Feby 25” 1862.
My own darling Wife
I begin a letter to you this
morning before the mail has arrived in which
I confidently expect a long sweet letter from
my darling Jennie. I have almost concluded
to stake all my chances on raising a regiment
for myself under the authority received from
Pres Davis. I have just writen [sic] letters to Dr
Williams Lieut Chas Yancey & Capt A Taylor all
of whom are in the Malitia [sic] and are now
trying to raise companies. And either this
evening or tomorrow morning I shall go to
see Genl Johnston on the subject and if I
can get one will take a furlough at once
but if I fail in this, then I shall wait
a reply from Dr Williams and if it is encour-
aging I will at once resign & enter the field
for volunteers. It will be a great undertaking
but I will have this consolation, if there
exists amonge [sic] our people sufficient spirit
to carry on this war successfully I can
without doubt raise my regiment and
if such spirit does not exist then I shall
fail. the cause will fail and it matters
little where I am or what I may be doing
I have concluded on one more thing - you
must not go to H. B. to be confined - I am
apprehensive that the valley will necessarily
have to be abandoned and when that is done
we too will be compelled to fall back for
this position cant be held without the valley.
I am not stating this to alarm you and
if you will show the sense you have always
exhibited in hard trials, you will not be alarmed
I say to you in confidence that in the last
two days orders have been issued in this
army which to my mind plainly indicate
a backward movement. How far back we
are to go I cant even conjecture I hope not
farther than Culpeper but may be to the
Rapid Ann River [sic]. I am not at all certain
of any movement You know that we are never
allowed to know any thing. I only know this
that Genl Jackson has not nor can he get force
enough to hold his position. He will be com-
pelled to fall back towards Staunton. He may
not go back further than Shenandoah, but
that of course will depend on the movements
of the Yankeys. under all the circumstances I
deem it wise & best for you not to go to H.B.
and I have been thinking seriously of or-
dering Stephen to fall back also. It really
distresses me to think of those two old negroes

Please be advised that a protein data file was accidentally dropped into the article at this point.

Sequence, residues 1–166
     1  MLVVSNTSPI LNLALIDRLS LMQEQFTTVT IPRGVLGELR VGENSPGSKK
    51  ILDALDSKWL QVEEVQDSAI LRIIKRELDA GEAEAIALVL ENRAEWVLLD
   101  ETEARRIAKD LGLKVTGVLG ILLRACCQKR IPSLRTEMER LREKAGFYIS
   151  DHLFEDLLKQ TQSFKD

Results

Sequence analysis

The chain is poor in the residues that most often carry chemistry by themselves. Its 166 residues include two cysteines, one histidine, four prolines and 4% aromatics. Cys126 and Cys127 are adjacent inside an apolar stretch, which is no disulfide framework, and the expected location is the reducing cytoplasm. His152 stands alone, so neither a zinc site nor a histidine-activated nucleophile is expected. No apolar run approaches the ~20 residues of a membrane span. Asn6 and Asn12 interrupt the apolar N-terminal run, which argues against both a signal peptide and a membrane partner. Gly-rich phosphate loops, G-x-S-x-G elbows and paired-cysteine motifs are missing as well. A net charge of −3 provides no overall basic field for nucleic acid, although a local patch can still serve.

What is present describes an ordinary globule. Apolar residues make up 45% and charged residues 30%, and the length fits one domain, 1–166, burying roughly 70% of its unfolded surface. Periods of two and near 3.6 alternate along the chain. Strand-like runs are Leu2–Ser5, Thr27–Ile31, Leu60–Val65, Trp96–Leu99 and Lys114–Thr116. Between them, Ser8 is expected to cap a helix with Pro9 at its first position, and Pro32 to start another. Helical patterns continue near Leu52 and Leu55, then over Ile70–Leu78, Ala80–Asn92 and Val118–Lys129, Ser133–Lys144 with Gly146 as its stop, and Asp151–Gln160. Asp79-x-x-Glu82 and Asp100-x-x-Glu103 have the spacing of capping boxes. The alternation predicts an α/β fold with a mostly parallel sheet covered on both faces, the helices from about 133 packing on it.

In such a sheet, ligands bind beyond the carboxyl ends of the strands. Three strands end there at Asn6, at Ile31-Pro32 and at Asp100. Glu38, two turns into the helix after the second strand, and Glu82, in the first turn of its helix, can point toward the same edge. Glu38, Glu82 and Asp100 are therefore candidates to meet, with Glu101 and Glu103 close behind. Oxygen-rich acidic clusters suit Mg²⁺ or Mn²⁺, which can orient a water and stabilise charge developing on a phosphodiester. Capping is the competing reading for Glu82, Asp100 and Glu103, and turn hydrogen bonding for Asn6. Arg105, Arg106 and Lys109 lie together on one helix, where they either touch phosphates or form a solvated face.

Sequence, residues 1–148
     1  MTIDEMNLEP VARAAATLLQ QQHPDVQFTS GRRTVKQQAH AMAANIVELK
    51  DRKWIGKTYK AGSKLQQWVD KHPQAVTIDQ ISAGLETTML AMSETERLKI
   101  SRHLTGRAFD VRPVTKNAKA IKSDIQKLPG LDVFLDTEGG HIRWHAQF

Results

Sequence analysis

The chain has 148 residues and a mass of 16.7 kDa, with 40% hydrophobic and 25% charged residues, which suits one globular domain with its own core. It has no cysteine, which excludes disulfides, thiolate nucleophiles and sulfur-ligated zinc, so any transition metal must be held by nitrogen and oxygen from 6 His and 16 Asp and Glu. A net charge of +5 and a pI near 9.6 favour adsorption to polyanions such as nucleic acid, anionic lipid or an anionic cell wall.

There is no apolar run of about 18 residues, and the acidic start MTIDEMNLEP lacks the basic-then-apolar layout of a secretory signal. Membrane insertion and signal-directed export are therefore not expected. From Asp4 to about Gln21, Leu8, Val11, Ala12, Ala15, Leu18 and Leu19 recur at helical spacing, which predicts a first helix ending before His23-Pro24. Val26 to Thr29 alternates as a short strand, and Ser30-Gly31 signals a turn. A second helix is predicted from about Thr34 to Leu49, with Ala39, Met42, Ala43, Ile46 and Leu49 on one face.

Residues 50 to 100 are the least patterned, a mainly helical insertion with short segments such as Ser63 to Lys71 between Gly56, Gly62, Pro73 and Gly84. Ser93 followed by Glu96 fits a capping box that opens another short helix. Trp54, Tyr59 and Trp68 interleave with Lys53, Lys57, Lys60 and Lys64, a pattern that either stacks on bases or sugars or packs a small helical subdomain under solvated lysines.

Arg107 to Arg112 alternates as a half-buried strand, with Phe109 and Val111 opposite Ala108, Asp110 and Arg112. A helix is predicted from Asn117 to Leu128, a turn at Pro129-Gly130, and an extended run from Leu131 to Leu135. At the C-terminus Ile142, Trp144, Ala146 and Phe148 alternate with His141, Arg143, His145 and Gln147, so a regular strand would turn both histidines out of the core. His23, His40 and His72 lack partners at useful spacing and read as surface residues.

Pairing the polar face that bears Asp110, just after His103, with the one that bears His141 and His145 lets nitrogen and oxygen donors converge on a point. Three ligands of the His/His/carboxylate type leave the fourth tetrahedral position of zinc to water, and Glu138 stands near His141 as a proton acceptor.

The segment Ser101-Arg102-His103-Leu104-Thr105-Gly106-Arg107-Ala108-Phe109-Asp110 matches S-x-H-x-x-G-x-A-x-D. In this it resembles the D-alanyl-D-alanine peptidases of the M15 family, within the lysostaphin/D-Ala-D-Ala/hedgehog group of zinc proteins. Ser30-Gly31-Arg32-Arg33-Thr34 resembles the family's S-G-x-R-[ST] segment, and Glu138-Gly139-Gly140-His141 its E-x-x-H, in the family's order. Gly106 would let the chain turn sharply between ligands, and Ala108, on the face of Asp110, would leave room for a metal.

falling into the hands of the Yankeys. what do
you think I had better do with them if the
worst comes to the worst. Let them shift for
& maybe fail in the end. I am certain I dont
know what to do. I feel not a little depressed
by the news from the west, and may be disposed
to take rather a gloomy picture of things. I
am by no means despondent of our ultimate
success, if our men will only do their duty.
I am rather inclined to think that something
has gone wrong in the west. I fear that
we have suffered from treachery in some quarter
I dont understand on what principle a Genl could
conscent [sic] to an unconditional surrender of 12000
well equiped [sic] & victorious soldiers It beats any-
thing recorded in the world history. but I will
say nothing more about it. I dont want you to
say one word I have writen [sic] in this letter about
the probability of our army retreating from
this place. It is unsoldierly for me to write to
you about it but it will make no difference
if you will say nothing about it. I dont care
if you say that it is my opinion that Genl Jackson
will have to evacuate Winchester, just have I recd
your letter mailed yesterday from which I find that
you all seem to know more about our movements than
I do. But I am sorry to find that you are still
in the notion of going to the valley when I am
certain that in less than three months you
will be seperated [sic] from me by the lines of the
enimy [sic] & thus cut off from all communication
with each other. Yet it may be better for you
to be with Stephen & Franny even though I should
not hear from you for six months, but I cant
think so. If our army falls back to Gordonsville
it will there be in my power to be with you
without a furlough and if it does not - why then
I will out of my new commission manage to get a
leave of absence that will permit me to be
with you. I feel satisfied that our plan is
plainly to keep you for the present at Frescatti [sic]
I can give you a $1000 which inside of our lines
will be money to you but in Yankeydom will
be worthless paper. If after your confinement
will make no objection. In a week from now
I will have determined definitely on my plan
of operations which I doubt not will be to under
take to organize a regiment. this of course lets
me out of the service here & I can be with
you outside of Yankey lines but not inside
of them. You must try & take good care of
yourself my darling & wait your time. tell
my dear little daughter that I am much ob-